The separation between church and state is guaranteed by the Italian constitution, which gives equal status to all religions throughout the nation. Despite this, Judge Luigi Tosti has been banned from Italian courtrooms and public office for his steadfast opposition to the presence of crucifixes in public and secular spaces, like courtrooms and schools.
The crusading magistrate received his third conviction on February 21 for protesting the presence of a courtroom crucifix in the central city of L’Aquila. Tosti refused to participate in court proceedings unless ‘the secular nature of the assembly [be] restored’ and the cross be removed. His lawyer adamantly argued that the ‘one-metre by half-metre object, in itself, invalidates the hearing That doesn’t mean offending Christians. But removing the crucifix means removing a privilege so that places of law can become truly secular and neutral’.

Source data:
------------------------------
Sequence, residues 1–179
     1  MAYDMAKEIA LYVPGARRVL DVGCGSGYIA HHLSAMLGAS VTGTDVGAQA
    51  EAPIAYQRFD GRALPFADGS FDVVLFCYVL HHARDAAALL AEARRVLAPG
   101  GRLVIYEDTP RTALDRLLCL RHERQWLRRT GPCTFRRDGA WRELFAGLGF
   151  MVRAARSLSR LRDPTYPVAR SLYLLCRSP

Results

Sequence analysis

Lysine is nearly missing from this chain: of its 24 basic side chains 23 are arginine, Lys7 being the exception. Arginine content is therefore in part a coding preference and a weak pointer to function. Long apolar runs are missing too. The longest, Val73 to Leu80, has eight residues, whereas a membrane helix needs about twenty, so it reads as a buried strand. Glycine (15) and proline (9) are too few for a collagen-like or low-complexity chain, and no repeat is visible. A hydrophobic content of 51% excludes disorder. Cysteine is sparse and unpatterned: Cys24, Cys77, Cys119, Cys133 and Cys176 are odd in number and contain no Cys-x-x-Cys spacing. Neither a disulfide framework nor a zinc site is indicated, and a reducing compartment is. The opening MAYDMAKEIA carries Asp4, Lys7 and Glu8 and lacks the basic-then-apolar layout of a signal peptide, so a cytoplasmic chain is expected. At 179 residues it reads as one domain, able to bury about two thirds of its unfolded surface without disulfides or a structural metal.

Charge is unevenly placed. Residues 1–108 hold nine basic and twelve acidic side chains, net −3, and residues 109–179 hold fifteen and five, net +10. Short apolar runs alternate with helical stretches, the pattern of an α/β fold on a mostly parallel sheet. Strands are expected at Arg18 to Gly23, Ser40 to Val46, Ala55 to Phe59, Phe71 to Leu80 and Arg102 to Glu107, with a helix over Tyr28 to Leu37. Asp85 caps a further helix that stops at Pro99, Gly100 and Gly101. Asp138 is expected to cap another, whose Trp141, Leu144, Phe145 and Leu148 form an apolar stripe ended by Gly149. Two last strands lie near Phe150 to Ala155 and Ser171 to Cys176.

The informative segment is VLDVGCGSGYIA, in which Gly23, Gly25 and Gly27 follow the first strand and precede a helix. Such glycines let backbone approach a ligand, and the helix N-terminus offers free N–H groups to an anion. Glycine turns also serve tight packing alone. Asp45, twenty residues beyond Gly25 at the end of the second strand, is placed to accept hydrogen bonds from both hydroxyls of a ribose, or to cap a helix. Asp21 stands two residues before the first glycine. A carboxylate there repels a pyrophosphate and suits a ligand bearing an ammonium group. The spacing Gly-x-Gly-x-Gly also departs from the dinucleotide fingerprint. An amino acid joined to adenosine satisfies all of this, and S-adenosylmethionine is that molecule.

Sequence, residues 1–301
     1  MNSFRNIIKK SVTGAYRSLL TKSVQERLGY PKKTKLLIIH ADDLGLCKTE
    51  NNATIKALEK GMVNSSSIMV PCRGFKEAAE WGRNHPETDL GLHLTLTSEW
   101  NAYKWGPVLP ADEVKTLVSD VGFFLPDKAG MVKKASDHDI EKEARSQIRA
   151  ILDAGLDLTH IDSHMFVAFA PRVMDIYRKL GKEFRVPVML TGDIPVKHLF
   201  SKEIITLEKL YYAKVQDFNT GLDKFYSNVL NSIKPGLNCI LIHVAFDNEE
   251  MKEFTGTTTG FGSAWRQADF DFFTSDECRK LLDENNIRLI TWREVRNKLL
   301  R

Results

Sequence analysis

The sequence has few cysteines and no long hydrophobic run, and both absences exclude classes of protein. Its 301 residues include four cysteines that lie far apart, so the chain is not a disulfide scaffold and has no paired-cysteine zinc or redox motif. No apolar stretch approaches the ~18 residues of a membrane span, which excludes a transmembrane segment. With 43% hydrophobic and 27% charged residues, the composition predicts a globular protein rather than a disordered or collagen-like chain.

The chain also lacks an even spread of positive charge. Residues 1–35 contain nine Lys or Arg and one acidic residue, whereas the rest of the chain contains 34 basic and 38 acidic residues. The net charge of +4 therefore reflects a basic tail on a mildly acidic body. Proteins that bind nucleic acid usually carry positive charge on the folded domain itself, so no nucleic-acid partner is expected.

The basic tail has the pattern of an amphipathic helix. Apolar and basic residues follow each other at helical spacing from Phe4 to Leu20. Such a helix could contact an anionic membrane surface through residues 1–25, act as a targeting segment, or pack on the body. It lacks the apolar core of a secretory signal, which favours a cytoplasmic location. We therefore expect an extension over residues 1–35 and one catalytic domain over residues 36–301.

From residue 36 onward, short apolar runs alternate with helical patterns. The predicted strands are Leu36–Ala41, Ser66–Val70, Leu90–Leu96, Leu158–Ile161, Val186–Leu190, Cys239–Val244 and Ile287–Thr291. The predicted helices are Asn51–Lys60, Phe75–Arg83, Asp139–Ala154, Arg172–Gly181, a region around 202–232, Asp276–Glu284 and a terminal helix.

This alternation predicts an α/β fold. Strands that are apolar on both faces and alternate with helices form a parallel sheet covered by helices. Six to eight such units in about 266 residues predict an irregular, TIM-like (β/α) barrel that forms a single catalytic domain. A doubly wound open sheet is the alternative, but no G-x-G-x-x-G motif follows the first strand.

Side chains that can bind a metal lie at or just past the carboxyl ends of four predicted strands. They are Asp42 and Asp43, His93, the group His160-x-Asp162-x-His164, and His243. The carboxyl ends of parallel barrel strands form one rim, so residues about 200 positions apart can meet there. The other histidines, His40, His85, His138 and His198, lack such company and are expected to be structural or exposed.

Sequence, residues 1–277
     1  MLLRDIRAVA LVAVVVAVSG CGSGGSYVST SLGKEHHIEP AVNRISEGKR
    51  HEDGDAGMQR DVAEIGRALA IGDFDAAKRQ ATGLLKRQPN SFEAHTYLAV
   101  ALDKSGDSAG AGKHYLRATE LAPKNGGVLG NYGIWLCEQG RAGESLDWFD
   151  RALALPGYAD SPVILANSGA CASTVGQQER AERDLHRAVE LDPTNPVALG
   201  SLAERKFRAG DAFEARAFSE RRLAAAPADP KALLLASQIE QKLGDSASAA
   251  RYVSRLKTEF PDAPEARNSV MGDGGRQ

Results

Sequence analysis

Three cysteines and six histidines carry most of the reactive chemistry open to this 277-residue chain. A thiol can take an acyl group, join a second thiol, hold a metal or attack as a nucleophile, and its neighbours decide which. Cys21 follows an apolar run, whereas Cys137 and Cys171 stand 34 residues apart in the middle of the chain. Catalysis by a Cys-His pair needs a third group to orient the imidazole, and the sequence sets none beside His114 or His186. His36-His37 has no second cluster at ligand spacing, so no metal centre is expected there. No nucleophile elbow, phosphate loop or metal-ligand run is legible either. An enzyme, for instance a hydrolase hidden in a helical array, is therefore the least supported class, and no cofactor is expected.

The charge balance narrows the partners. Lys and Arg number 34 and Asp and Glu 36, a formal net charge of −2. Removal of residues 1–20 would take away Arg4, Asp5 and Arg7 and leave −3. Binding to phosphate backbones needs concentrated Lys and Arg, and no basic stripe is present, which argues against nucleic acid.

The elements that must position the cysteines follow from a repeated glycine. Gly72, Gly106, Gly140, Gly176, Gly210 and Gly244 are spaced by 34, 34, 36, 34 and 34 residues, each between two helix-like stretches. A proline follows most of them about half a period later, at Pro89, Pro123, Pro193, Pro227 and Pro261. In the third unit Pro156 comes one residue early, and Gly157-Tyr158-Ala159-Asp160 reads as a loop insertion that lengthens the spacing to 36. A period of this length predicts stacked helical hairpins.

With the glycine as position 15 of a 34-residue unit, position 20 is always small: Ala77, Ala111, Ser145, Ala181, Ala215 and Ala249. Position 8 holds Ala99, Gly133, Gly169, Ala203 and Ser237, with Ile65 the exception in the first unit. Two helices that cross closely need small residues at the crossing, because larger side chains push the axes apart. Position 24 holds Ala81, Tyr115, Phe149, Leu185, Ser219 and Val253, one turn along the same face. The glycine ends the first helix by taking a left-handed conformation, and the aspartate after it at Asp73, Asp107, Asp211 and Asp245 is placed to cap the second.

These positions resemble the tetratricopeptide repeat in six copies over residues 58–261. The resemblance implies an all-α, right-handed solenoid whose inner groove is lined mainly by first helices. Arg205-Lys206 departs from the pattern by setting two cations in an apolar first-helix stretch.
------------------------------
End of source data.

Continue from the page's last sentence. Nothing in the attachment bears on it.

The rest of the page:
However, the court in l’Aquila sentenced him to a one-year suspended prison term and banned him from holding public office for the 12-month period. The 59-year-old magistrate is currently serving the second of two similar bans for refusing to perform his duties in the central Italian town of Camerino, located in the Marche region.
According to the Italian constitution, Catholicism is not the country’s state religion, so crucifixes in public spaces are not mandatory in Italy. They are, however, customary, as a large part of the Italian cultural identity has been rooted in Catholicism for centuries. Local bodies generally decide whether they want crosses in courtrooms or other public buildings.